Photo: President Donald Trump displays an Executive Order on "Offshore Energy Strategy" at the White House in Washington, April 28, 2017. (Kevin Lamarque/Reuters)
FROM THIS EPISODE
Last night, President Trump raised the specter of war with North Korea. "There's a chance we could end up having a major major conflict with N Korea absolutely." Today, Secretary of State Rex Tillerson chaired the UN Security Council, and announced US policy toward North Korea’s nuclear program. "All options for responding to future provocation must remain on the table. Diplomatic and financial levers of power will be backed up by a willingness to counteract North Korean aggression with military action, if necessary."
Colum Lynch, diplomatic reporter for Foreign Policy, based at the United Nations, reports on the escalating tensions.
On his hundredth evening in office tomorrow, President Trump will be at a rally in Pennsylvania -- not at the White House Correspondents' Dinner. That's a forum for political satire, and it's likely to feature jokes about his accomplishments — or lack of them — in those first 100 days. Still, polls show more than 90% of Trump voters still back him. Candidate Trump was a stern critic of Barack Obama's use of executive orders, but today he signed number 30. Does it really do what he says it does? We hear assessments of how he's using executive power, from pundits, professors — and voters who cast their ballots for Donald Trump.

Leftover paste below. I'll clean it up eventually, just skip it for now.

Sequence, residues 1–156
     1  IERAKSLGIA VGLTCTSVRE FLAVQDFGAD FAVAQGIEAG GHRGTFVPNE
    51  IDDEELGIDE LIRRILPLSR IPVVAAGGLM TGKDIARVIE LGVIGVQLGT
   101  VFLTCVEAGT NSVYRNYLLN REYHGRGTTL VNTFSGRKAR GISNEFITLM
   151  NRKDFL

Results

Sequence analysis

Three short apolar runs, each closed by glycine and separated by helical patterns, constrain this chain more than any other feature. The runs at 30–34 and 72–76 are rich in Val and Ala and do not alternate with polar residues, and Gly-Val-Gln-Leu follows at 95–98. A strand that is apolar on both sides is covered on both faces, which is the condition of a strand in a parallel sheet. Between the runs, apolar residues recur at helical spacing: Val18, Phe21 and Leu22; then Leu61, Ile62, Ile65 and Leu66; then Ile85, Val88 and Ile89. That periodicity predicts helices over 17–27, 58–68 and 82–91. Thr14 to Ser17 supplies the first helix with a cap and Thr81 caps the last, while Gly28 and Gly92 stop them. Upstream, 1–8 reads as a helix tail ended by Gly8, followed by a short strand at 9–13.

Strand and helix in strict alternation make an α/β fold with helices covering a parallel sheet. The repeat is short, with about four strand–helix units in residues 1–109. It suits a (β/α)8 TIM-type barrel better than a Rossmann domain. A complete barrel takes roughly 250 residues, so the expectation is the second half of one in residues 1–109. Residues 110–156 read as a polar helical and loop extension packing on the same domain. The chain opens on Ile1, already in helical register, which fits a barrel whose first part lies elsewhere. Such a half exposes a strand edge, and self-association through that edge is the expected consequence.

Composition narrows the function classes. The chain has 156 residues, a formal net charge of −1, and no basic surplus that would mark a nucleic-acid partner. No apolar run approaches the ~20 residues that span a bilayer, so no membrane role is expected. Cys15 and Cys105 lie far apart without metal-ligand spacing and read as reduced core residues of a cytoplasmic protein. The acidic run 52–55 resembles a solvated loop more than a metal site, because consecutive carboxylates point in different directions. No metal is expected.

Lynda Mapes is an environmental reporter with the Seattle Times. She wanted to tell the story of climate change through the living world, turning "a beautiful living thing" into a kind of historian. The result is the book Witness Tree: Seasons of Change with a Century-Old Oak. It's especially appropriate today, which is Arbor Day.
Lynda V. Mapes
More From To the Point
Will the NFL find common ground on national anthem protests? National Football League team owners are meeting today to craft a unified message about political protest. Men and women athletes in other sports are protesting too. We hear how one man's refusal to stand for the flag has demonstrated the inseparable relationship between sports and politics.
Author Masha Gessen on the appeal of Putin and Trump Masha Gessen was born in Russia but emigrated with her parents to the United States. She returned in the early 1990s when political change was afoot. And since then, she’s become a leading observer - and critic - of Russian president Vladamir Putin. She fled Russia again in 2013. In this special podcast, Warren Olney talks with Gessen about her new book, The Future Is History: How Totalitarianism Reclaimed Russia .
A month later, Puerto Ricans still stranded by Hurricane Maria Most people in Puerto Rico are still without electricity, and some are drinking from a well contaminated by a superfund site. President Trump's accused of a "shocking lack of compassion" compared to speedy assistance after hurricanes hit Texas and Florida.
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